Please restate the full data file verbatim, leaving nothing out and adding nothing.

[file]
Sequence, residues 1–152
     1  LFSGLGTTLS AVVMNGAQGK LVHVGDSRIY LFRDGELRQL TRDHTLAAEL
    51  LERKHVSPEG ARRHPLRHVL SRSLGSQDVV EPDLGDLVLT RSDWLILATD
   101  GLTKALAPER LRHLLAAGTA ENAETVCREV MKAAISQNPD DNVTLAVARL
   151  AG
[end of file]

Sequence, residues 1–152
     1  LFSGLGTTLS AVVMNGAQGK LVHVGDSRIY LFRDGELRQL TRDHTLAAEL
    51  LERKHVSPEG ARRHPLRHVL SRSLGSQDVV EPDLGDLVLT RSDWLILATD
   101  GLTKALAPER LRHLLAAGTA ENAETVCREV MKAAISQNPD DNVTLAVARL
   151  AG